I call it a tragedy because it represents a sequence of extremely unfortunate choices made by our society over several generations. History will not forgive the excuses we make for ourselves, nor will it shed a tear for the tribulations we will induce for ourselves by living this way. History may, however, draw attention to our remarkable lack of a sense of consequence in transforming this lovely, beckoning New World continent into a wilderness of free parking. In any case, we’re stuck with what we’ve done, and the question naturally arises: What will we do now?

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  • Podcast

    Patrick Killelea: What Every Homebuyer (and Homeowner) Should Know Now

    Beware today's investor-led 'recovery'
    by Adam Taggart

    Saturday, November 3, 2012, 2:14 AM

    5

    For many, the collapse of the housing bubble was the trigger that began the era of economic slowdown Americans find themselves mired in.

    But recently there have been growing reports in the media of a housing "recovery." So we've invited Patrick Killelea, founder of the popular housing site Patrick.net and author of The Housing Trap: How Buyers Are Captured and Abused and How to Defend Yourself, to clarify the situation.

    The short answer is this: While there are some markets where home prices are back in line with both fundamental and historic norms, buyers still need to exert caution when making a purchase.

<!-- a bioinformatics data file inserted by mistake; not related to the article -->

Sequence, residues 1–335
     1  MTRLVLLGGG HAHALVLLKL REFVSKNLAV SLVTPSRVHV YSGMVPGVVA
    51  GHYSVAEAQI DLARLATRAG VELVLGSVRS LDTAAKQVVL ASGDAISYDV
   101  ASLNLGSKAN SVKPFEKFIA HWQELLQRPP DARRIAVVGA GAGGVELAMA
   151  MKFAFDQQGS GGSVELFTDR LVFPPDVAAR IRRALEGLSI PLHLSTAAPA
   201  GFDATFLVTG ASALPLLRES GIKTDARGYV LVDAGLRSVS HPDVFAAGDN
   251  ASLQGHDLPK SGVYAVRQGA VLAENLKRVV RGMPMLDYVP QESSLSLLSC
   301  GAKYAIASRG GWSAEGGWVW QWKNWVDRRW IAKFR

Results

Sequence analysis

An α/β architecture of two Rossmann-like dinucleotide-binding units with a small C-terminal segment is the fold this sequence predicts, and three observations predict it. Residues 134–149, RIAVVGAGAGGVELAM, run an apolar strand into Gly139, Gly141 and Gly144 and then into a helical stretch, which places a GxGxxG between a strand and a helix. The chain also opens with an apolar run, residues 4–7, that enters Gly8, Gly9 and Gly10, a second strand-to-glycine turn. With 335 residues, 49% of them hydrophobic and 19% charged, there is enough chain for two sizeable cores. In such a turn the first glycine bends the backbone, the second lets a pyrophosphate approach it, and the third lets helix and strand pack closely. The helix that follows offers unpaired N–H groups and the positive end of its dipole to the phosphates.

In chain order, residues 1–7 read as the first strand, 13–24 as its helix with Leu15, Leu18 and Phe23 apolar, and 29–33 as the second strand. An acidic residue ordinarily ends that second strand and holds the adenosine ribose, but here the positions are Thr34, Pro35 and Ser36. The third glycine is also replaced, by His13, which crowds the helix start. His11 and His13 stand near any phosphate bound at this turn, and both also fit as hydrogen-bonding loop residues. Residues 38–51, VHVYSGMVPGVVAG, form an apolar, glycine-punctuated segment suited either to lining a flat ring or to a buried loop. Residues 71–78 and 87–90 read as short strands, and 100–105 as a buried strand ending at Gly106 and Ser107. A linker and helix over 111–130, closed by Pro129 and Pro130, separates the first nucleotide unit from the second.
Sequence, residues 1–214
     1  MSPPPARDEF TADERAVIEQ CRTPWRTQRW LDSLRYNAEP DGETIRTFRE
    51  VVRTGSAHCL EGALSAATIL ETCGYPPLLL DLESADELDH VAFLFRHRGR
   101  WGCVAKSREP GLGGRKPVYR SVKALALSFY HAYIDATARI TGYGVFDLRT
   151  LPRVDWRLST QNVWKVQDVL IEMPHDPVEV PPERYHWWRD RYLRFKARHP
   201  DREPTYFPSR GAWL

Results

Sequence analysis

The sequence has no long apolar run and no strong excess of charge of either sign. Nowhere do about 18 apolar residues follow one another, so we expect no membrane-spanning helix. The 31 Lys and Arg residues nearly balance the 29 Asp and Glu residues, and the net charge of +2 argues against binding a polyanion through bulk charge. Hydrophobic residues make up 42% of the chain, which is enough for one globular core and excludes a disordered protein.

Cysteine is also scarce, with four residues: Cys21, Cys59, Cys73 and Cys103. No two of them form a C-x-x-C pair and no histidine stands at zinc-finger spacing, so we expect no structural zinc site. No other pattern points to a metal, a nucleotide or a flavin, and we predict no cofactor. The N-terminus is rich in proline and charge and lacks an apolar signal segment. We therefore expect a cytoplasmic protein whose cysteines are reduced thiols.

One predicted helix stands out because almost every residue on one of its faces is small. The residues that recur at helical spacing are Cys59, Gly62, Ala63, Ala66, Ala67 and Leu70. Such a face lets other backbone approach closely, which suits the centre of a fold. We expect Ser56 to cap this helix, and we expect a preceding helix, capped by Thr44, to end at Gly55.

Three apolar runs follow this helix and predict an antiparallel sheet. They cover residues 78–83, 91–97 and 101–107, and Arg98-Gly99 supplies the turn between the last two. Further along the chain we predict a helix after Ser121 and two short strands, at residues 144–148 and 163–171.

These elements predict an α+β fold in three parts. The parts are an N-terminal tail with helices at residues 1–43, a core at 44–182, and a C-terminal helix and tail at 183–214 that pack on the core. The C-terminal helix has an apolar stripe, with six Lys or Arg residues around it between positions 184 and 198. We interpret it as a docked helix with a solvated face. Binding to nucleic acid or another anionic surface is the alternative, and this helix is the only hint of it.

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  • Blog

    Straight Talk with Mike Shedlock (aka “Mish”)

    by Adam Taggart

    Wednesday, October 27, 2010, 4:16 AM

    0

    Today marks the launch of our new and (hopefully) regularly recurring “Straight Talk” series, featuring thinking from notable minds the ChrisMartenson.com audience has indicated it wants to learn more about. Readers submit the questions they want addressed and our guests take their best crack at answering. Our hopes are high you’ll enjoy the expert insights and alternative perspectives this new series brings. 

    Our inaugural Straight Talk contributor is Mike Shedlock, author of Mish’s Global Economic Trend Analysis, one of the most visited and respected economic blogs on the Web. Mish is an outspoken deflationist and outlines his rationale for being so in his answers to our questions. He is also a registered investment advisor representative for SitkaPacific Capital Management. 


    1. You’ve gone from mainframe computer programming analyst (in 2005) to being one of the most widely-read econobloggers in the world today. To what extent do you attribute your competitive advantage to holding a non-traditional background vs. the more ‘classically’ trained analysts and commentators?

    Mish: It certainly helps not having a background in economics as taught by academia today. Nearly everyone in academia is a Keynesian or Monetarist.